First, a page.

Quick Lit: What I've Been Reading Lately

I'm linking up with Modern Mrs. Darcy for this month's quick lit, where I share short and sweet reviews of a few books I've read in the past month. You can also find me over at Goodreads if you are interested in other books I've read or reviewed.

Home Is Where My People Are by Sophie Hudson"Home is Where My People Are" by Sophie Hudson. This memoir takes the reader on a journey through Hudson's life, particularly focusing on how she discovered that home isn't necessarily a place but rather the people around you. Her honesty shines through as she shares her story in such a relatable way. I enjoyed much of this book, but I found the frequent parenthetical comments and bits that were in all caps to be a bit annoying and over the top.


Before the Fall by Noah Hawley"Before the Fall" by Noah Hawley. Sixteen minutes into a flight, a private plane crashes into the ocean. The only survivors are painter Scott Burroughs and four-year-old JJ Bateman. With much speculation as to what caused the crash, Scott finds himself struggling to piece together his memories of the events leading directly up to the crash. The book takes the reader on journey between the present post-crash day and sharing the back stories of each passenger on the plane. It's a good read with a lot of intrigue, but there is a bit too much gratuitous foul language for my taste.

In the Garden of Beasts by Erik Larson"In the Garden of Beasts" by Erik Larson. 1933 Germany was the beginning of Hitler's brutal reign in Germany. Things were beginning to look grim in Germany, but the rest of the world was mostly unaware of events happening or simply chose to ignore it and hope it would get better. William Dodd became the U.S. ambassador to Germany that year and was thrust into a tense and very difficult situation. His family joined him during his stint in Germany. Daughter Martha was initially enamored by what she saw in Berlin, but became more disillusioned as she began to witness what was truly happening. Dodd himself was initially optimistic that he could help keep the peace diplomatically, but everything drastically changed during the Night of the Long Knives. This book is a fascinating look at how the world failed to recognize and act against this horrifying dictator.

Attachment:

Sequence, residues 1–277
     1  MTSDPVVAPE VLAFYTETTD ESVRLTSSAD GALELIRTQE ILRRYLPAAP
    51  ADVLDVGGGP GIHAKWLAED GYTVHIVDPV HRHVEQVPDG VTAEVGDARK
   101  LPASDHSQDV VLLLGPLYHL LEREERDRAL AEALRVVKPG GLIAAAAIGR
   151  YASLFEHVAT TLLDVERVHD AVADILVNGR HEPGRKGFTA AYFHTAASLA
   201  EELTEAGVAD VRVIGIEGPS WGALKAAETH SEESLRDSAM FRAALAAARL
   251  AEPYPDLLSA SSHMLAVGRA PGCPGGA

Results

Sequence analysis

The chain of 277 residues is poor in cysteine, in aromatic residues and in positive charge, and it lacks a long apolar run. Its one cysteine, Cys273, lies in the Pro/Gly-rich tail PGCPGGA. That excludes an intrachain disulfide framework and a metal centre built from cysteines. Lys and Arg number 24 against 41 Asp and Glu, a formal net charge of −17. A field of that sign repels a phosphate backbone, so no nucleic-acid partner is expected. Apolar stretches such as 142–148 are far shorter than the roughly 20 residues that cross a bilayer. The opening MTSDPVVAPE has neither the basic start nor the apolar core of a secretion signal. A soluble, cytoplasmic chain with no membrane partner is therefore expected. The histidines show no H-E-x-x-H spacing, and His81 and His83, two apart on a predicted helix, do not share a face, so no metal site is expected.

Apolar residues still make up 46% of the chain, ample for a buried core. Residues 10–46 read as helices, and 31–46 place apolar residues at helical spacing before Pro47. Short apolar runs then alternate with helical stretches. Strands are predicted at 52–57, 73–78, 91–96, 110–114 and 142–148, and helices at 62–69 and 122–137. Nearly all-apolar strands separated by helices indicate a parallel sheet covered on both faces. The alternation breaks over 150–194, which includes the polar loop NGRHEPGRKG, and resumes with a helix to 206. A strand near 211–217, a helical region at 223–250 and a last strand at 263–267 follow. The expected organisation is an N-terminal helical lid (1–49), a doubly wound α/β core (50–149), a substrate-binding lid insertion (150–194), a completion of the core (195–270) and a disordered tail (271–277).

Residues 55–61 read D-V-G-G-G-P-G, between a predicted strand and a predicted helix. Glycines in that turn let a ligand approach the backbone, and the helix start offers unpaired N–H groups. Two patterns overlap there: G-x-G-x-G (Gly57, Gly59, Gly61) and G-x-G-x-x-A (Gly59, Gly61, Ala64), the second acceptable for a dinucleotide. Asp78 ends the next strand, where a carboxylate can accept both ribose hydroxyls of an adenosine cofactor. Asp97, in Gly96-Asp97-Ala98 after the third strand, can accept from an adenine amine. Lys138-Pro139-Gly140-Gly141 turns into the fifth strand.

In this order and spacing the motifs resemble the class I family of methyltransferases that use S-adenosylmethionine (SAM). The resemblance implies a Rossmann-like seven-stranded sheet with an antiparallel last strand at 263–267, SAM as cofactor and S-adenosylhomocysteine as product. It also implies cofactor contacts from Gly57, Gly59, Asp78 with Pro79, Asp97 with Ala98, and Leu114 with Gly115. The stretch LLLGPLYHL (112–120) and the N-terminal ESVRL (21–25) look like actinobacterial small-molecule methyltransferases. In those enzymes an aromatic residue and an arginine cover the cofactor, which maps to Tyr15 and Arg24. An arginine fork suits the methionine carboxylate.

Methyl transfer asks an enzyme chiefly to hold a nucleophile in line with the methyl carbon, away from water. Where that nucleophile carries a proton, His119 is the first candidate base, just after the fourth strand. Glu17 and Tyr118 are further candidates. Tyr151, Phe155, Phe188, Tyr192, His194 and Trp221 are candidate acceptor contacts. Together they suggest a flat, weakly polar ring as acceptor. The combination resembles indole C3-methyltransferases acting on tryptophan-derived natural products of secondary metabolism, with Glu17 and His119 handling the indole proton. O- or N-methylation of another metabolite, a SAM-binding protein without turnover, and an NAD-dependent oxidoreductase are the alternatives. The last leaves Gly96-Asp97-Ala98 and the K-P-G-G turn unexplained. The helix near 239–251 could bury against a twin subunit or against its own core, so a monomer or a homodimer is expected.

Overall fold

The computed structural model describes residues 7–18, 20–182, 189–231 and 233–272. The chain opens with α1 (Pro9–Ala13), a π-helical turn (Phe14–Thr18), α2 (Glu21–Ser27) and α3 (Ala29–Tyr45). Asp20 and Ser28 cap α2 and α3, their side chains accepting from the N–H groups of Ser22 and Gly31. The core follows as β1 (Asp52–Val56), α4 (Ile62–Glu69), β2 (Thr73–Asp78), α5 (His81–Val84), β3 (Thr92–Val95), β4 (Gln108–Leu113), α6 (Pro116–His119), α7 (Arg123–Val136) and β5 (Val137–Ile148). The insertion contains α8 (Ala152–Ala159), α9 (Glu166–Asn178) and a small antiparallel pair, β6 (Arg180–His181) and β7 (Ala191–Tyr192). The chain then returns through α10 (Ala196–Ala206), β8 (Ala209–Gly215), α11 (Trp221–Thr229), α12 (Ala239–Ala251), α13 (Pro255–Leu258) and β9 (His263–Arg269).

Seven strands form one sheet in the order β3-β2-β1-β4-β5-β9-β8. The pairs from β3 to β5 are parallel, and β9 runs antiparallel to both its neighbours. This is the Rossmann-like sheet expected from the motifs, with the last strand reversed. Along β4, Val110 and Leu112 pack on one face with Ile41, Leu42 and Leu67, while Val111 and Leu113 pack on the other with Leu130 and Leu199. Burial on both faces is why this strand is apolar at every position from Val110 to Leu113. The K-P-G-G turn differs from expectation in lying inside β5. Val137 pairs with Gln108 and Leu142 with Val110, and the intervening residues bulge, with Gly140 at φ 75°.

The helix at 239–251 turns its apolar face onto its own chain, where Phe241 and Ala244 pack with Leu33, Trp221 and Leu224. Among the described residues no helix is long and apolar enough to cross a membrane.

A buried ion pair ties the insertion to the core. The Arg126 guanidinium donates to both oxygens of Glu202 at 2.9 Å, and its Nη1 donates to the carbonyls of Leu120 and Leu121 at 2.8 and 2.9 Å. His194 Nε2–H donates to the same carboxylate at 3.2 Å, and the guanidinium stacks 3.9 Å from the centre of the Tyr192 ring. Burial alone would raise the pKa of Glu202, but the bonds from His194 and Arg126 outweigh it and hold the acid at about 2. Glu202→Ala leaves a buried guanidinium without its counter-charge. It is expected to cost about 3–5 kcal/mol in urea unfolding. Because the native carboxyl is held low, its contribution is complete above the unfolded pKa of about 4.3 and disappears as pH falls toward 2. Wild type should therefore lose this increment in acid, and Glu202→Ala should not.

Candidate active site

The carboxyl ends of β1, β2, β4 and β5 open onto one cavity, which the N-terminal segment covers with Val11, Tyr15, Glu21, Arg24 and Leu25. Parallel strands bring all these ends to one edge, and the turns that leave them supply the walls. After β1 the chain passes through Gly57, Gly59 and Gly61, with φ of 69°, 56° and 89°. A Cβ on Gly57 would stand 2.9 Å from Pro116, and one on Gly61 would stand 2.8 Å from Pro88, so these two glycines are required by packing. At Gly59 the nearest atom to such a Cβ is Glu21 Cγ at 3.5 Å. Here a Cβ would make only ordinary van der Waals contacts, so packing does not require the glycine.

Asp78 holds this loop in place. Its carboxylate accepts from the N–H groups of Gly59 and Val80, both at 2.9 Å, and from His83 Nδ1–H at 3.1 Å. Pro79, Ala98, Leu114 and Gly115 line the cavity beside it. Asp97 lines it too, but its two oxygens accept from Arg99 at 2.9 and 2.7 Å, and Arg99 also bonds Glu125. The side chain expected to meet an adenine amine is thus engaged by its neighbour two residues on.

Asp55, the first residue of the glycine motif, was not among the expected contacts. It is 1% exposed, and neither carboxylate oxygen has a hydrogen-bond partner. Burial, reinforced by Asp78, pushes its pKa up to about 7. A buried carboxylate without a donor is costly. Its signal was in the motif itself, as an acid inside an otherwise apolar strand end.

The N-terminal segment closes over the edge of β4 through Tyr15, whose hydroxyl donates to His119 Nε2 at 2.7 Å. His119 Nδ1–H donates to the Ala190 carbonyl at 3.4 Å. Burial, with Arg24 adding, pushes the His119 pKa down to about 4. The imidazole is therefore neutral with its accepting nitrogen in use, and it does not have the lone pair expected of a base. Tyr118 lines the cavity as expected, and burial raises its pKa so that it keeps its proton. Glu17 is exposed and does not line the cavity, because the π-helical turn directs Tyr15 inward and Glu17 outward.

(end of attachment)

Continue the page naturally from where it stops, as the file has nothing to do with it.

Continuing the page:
The Secret Keeper by Kate Morton"The Secret Keeper" by Kate Morton. At age 16, Laurel Nicolson witnesses from a distance a horrible crime involving her mother. She and her parents never speak of it, resulting in a secret that has been kept for fifty years. As her mother approaches the end of her life, Laurel is determined to get the bottom of the story and find out exactly what happened. The book splits the story into the present day and the past, taking the reader on a journey through time beginning in pre-WWII England, continuing through the London blitz, and beyond. The ending was spectacular with a twist I never saw coming. Absolutely loved this book and can't wait to read another by Morton.

Luck, Love & Lemon Pie by Amy E. Reichert
"Luck, Love, and Lemon Pie" by Amy E. Reichert. MJ Boudreaux begins to notice a distance growing between her and husband Chris. After their 20th anniversary, MJ decides to take up poker, Chris's favorite hobby, as a way of giving them a common activity. It launches her on a journey of self-discovery and finding a way to heal the distance and brokenness in her marriage. This was a fun, light read, but I found I had a hard time connecting with the gambling portion of the story.

Comments

  1. I've seen a lot of people reading Before the Fall lately and I'm not sure if that makes me want to read it more or less...just put on hold at the library either way!

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  2. I started The Secret Keeper and stopped after the second chapter. I think I was burnt out on WWII books by that point and couldn't do another long novel (her books are LONG!). I might have to try it again some time!

    Here are my July reads: http://elle-alice.blogspot.ca/2016/07/july-book-reviews.html

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